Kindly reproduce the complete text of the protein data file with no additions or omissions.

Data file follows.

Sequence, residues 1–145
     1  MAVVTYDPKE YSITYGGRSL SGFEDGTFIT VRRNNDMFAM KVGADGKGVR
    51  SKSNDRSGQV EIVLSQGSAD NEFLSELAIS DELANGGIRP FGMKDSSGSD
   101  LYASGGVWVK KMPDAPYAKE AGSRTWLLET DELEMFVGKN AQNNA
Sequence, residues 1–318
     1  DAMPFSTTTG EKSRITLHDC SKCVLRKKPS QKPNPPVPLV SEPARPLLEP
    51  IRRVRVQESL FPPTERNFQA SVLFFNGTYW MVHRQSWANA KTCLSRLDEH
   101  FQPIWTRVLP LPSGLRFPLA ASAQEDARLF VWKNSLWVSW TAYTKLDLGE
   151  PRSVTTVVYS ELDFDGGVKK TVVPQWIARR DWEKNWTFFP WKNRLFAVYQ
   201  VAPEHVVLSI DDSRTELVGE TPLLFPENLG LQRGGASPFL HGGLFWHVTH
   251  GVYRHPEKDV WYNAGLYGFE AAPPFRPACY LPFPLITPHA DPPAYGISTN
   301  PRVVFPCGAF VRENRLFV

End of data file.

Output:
Sequence, residues 1–145
     1  MAVVTYDPKE YSITYGGRSL SGFEDGTFIT VRRNNDMFAM KVGADGKGVR
    51  SKSNDRSGQV EIVLSQGSAD NEFLSELAIS DELANGGIRP FGMKDSSGSD
   101  LYASGGVWVK KMPDAPYAKE AGSRTWLLET DELEMFVGKN AQNNA
Sequence, residues 1–318
     1  DAMPFSTTTG EKSRITLHDC SKCVLRKKPS QKPNPPVPLV SEPARPLLEP
    51  IRRVRVQESL FPPTERNFQA SVLFFNGTYW MVHRQSWANA KTCLSRLDEH
   101  FQPIWTRVLP LPSGLRFPLA ASAQEDARLF VWKNSLWVSW TAYTKLDLGE
   151  PRSVTTVVYS ELDFDGGVKK TVVPQWIARR DWEKNWTFFP WKNRLFAVYQ
   201  VAPEHVVLSI DDSRTELVGE TPLLFPENLG LQRGGASPFL HGGLFWHVTH
   251  GVYRHPEKDV WYNAGLYGFE AAPPFRPACY LPFPLITPHA DPPAYGISTN
   301  PRVVFPCGAF VRENRLFV